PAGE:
Rather than using microprocessor-specific low-level programming, I was able to get a suitable signal using the core
It can be used to generate a 50% duty cycle square wave of a custom frequency on any individual GPIO pin (I'm using 11 in this case). Given the name, it's obviously designed for producing simple audio output, and 2 MHz is way above the range of human hearing.
The documentation doesn't list any upper limit on the frequency though, and the code it's based on doesn't appear to introduce any limitations. With that said, it clearly can't run faster than the internal timer it's based on (which I think will typically be 8 or 16 MHz).
It seems reasonable to assume that it will be in-sync with the microprocessor's internal clock, although I haven't been able to confirm that empirically as I don't have suitable equipment at home. Similarly, I haven't been able to confirm that it's actually producing a 2 MHz signal, but the LCD display is working properly so it's likely to be in the right vicinity. I had previously tried running it from regular PWM, but that didn't work, so frequency is obviously important here.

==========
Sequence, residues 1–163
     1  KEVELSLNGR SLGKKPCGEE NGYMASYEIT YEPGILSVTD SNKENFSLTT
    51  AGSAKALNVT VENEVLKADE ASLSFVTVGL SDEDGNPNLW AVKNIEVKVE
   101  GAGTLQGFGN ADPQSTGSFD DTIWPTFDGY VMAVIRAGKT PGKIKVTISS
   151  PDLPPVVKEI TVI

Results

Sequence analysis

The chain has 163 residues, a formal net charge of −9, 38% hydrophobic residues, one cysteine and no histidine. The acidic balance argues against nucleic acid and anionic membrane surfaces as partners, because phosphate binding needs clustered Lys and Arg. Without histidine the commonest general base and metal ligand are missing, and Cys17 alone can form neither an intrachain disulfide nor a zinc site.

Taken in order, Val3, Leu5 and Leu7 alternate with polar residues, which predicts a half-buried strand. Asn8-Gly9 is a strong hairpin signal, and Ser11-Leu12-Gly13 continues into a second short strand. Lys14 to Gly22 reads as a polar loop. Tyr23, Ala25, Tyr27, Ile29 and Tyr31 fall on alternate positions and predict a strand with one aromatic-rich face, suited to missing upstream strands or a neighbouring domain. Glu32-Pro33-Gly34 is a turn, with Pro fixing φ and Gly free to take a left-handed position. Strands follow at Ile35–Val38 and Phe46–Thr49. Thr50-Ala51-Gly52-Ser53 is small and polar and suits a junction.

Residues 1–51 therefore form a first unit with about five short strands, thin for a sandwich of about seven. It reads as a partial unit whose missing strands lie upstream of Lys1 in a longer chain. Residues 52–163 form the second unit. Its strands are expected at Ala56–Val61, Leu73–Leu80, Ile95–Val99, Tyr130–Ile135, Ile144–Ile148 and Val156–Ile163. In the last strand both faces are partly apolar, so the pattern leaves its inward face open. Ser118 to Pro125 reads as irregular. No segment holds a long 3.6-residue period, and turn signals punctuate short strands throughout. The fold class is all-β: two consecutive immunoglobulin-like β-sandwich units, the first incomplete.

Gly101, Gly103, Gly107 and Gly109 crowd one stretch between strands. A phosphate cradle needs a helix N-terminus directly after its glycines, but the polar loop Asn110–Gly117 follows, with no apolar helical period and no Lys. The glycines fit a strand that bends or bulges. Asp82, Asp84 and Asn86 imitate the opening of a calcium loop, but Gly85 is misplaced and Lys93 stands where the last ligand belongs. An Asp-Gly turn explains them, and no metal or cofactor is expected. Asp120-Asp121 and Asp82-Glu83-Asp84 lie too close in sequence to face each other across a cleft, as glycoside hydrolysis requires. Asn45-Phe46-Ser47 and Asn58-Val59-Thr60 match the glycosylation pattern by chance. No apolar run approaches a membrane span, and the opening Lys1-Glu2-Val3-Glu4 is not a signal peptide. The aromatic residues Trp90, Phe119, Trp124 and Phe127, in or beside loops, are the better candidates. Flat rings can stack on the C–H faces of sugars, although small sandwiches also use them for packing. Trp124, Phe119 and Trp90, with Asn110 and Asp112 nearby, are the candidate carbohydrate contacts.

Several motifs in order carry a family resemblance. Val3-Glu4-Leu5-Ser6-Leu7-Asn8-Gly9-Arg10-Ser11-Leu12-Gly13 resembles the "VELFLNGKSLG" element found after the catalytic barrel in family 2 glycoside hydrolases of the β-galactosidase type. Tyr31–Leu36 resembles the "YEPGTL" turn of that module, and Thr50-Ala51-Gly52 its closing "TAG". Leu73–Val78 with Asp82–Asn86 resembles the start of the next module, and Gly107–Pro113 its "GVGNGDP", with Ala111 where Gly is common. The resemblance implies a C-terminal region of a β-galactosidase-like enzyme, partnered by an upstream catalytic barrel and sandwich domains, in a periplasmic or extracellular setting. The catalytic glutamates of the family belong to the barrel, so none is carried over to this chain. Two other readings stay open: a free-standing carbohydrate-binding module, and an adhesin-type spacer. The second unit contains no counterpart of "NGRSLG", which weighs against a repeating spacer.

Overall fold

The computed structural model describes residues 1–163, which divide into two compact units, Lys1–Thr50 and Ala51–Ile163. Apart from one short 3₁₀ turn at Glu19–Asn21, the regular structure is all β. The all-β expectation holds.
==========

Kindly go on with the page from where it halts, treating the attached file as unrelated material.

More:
The signal can be stopped by calling:
There are a couple of caveats to be aware of when using
tone(). First of all, it can only work on a single pin at a time, so you can't generate multiple signals with it. And secondly, it will prevent some PWM output from working properly (on pins 3 and 11, according to the documentation). This is because it has to reconfigure one of the internal timers which is normally used for PWM.